I liked Jersey a lot when I visited last year. Which is, of course, why I came back again this year, and for longer. But what I didn’t realise was how amazingly much more I would like it, second time around.
Of course, there are differences. Last time, I stayed purposely with the lovely Lucille, out at Rocqueberg, thirty minutes from the heart of St Helier, and I spent much of my time walking country roads. Great! But this time I’ve elected to stay right on the waterfront in St Helier and, already, it’s a very different thing. I’ve been exploring, oh yes, already during my thirty hours in town, but I’ve been exploring the town of St Helier, its streets, its markets, its shops (not much), its eateries, its port. Walking, one way and another, just as much as I did in the country, but seeing different things. And, oh! How I like them.
Starting with the Bayview Guest House.
St Helier, and especially this part of St Helier, near the Havre des pas, seems to be made up of guest houses. Some of them call themselves ‘hotels’ but not many. One lovely old Victorian house after another, immaculately restored, offers rooms to let, apartments to let, or bed and breakfast. Just like the Blackpool I knew in the early seventies, except much, much prettier, much better kempt, and undeniably with more of an air of olden days class and charm. For, yes, parts of this place really do give you the feeling of stepping back in time. Which, of course, is certainly something to bewitch me.
I’m not the only one, evidently. For up the street next to here, endless Tantivy blue buses disgorge endless plane-loads of Northern British elderlies into the ‘hotels’. Yes, somehow the accents all seem to be northern (also the hairstyles and the dress sense). And the folk a good decade or two older than I. I think, like me, they are indulging their nostalgia for the British seaside holiday of their youth, just for a weekend or maybe a whole week. Today I passed a very elderly couple sitting quietly on a bench overlooking the beach, just looking. The sky was tepid, the water only blueish, there was a bit of a breeze and no-one on the sort-of-sands, but they didn’t seem to notice. An hour later when I re-passed the place, they were still there. Quite contented.
This morning, I heard, at breakfast, someone youngish mention ‘changeover day’. My goodness, does that expression still exist a hundred years on!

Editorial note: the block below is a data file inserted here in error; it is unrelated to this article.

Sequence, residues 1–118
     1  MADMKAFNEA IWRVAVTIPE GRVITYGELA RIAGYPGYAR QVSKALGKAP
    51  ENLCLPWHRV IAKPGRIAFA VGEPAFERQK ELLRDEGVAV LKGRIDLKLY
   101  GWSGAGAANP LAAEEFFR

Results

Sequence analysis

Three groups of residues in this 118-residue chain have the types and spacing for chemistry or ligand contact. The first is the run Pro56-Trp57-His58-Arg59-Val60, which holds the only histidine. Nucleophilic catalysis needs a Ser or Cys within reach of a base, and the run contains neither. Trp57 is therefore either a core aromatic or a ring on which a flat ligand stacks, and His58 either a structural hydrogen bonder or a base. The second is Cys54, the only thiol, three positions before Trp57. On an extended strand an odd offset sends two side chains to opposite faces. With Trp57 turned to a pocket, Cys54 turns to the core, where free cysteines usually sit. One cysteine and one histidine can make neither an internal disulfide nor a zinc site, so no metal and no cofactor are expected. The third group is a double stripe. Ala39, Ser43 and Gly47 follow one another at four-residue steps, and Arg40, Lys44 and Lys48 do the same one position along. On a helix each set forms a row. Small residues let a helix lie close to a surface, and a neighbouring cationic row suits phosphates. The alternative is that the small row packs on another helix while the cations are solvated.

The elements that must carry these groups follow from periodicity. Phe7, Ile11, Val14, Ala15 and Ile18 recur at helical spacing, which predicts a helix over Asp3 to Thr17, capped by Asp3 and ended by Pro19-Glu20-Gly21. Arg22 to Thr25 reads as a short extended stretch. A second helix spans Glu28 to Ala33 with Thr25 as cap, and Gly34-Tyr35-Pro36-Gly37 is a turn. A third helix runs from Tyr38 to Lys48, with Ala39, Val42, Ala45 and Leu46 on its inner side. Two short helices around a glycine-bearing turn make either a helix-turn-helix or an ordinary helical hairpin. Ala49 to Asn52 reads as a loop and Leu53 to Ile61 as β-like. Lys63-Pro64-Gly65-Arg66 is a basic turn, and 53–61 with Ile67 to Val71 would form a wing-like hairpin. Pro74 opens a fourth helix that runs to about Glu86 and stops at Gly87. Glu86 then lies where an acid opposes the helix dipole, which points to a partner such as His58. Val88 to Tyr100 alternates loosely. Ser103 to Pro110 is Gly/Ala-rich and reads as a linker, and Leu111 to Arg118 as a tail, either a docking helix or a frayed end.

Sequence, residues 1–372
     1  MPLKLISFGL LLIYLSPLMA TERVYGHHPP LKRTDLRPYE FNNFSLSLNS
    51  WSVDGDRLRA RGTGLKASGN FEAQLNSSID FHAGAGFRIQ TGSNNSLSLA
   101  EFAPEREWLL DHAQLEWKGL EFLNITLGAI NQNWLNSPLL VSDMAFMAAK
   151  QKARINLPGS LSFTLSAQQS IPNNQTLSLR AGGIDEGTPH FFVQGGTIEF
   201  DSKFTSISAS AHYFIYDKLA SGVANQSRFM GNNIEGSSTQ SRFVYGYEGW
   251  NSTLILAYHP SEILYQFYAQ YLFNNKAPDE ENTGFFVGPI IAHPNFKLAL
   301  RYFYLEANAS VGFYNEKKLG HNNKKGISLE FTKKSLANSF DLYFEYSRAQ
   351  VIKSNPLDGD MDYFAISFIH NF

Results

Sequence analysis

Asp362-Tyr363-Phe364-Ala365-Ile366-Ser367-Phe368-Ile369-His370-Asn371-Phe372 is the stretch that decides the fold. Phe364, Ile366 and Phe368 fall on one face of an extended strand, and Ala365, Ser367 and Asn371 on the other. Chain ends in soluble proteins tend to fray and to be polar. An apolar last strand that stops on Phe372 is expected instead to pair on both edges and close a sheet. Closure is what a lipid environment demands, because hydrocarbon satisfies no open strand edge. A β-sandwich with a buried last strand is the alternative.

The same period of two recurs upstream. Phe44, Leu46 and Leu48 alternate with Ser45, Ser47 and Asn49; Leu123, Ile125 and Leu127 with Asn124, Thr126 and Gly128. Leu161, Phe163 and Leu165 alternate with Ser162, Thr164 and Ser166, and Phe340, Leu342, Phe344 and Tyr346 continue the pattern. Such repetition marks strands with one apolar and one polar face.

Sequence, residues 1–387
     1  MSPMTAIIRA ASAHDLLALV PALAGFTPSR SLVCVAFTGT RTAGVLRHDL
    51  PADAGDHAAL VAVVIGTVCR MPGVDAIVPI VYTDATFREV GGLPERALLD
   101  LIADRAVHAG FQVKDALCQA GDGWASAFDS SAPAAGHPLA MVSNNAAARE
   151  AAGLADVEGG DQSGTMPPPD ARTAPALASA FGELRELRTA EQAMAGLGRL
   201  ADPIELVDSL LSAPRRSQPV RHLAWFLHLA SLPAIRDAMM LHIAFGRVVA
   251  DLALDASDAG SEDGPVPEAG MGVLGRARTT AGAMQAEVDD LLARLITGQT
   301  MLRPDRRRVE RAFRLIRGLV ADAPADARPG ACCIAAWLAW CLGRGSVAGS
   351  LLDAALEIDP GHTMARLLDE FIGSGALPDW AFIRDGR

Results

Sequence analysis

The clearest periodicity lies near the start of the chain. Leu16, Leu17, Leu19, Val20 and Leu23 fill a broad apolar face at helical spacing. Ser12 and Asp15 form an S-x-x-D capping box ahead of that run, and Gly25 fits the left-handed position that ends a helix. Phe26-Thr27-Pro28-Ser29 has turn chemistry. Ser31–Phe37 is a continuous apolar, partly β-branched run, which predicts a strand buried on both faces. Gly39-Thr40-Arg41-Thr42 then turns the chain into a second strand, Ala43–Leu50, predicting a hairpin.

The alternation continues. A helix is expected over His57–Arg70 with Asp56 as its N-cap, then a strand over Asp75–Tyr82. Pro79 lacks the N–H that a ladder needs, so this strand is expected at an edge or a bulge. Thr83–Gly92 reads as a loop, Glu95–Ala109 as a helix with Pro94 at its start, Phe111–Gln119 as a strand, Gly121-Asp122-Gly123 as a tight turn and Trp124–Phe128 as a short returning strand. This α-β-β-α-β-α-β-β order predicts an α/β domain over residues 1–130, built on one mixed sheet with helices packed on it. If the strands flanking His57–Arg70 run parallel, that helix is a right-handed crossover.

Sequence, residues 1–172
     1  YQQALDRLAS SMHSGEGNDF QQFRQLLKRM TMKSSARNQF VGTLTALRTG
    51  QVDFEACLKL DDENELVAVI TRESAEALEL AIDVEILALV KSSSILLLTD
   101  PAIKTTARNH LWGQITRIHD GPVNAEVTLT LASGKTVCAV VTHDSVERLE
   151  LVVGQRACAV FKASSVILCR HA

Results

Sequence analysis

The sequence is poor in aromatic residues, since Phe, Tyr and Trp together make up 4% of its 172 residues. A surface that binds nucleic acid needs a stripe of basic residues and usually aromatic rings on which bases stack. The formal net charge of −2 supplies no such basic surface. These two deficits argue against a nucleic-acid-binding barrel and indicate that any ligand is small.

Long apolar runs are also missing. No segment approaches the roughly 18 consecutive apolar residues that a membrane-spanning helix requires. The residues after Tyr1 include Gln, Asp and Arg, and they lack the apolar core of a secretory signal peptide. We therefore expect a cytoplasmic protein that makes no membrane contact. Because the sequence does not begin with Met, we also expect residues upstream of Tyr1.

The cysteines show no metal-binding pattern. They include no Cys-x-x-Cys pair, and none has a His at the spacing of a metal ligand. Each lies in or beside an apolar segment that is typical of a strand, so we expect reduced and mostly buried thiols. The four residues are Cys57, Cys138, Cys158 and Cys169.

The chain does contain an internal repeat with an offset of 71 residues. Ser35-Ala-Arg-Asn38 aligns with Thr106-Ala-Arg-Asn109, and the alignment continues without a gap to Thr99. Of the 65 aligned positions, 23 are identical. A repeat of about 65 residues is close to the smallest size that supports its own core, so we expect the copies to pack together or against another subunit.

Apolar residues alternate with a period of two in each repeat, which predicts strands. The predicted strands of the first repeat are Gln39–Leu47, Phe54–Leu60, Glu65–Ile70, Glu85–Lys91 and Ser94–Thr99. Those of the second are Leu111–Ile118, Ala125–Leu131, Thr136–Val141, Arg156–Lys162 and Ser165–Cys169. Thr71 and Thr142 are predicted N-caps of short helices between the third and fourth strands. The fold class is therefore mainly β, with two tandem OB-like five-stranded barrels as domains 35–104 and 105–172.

Bayview’s customers don’t seem to come in busloads and they seem to be much younger, like Geoff and Carolyn, the owners, who are just old enough to have a three-months old granddaughter, Jamie Lee, who was almost the first person I met when I arrived.
My room is just what I love: an old-fashioned boarding house room -- small (cabin-sized, because I am a single) but equipped with my preferred mod cons. I have a fridge, a splendid shower, a nice comfy little iron bedstead with a good mattress (also a TV and microwave neither of which I shall use) and, best of all, excellent wifi. So I can blog. So I’m super-contented all round.
The house is a stage’s width from the beach, with its comically un-Victorian pier, its gravelly sands, and its fine waterfronting rows of lovely period houses, ruined of course, by those four crass towers of council blocks I mentioned last year. Whoever put them there should be burned in effigy (or even not in effigy) by the Jersey Tourist Board every witches’ Sabbath.
In spite of that planning authority aberration, though, I love this place. Its look, its people. Jersey, I have already decided, is very, very me. And St Helier as well. So, up till now, out of my 30 hours since landing, I’ve spent nine asleep and twelve .. walking!
I’ve explored the port whence I shall ferry across to Guernsey and maybe Sark, I’ve explored the streets and the alleyways, I’ve visited the library and (when it opens) will visit the National Archive, I’ve explored the markets, which are the most delightful approximation of the Victorian market I have ever seen …
Also, I’ve peered in so many restaurant windows, peered at so many restaurant menus … but not with much confidence. Every menu I’ve seen so far has been far, far too comprehensive. Any restaurant that offers forty dishes isn’t making them fresh. So, they are not for me. I’m tempted though by the Bohemia, which I’m told is the island’s top spot. I trotted past today and, yes, a sensibly sized programme. A bit frilly and fancy in the vein of ravioli and coulis made from original (unoriginal?) substances. But OK, I’m willing to try. Eventually. Because right now I don’t need to try..
See my next!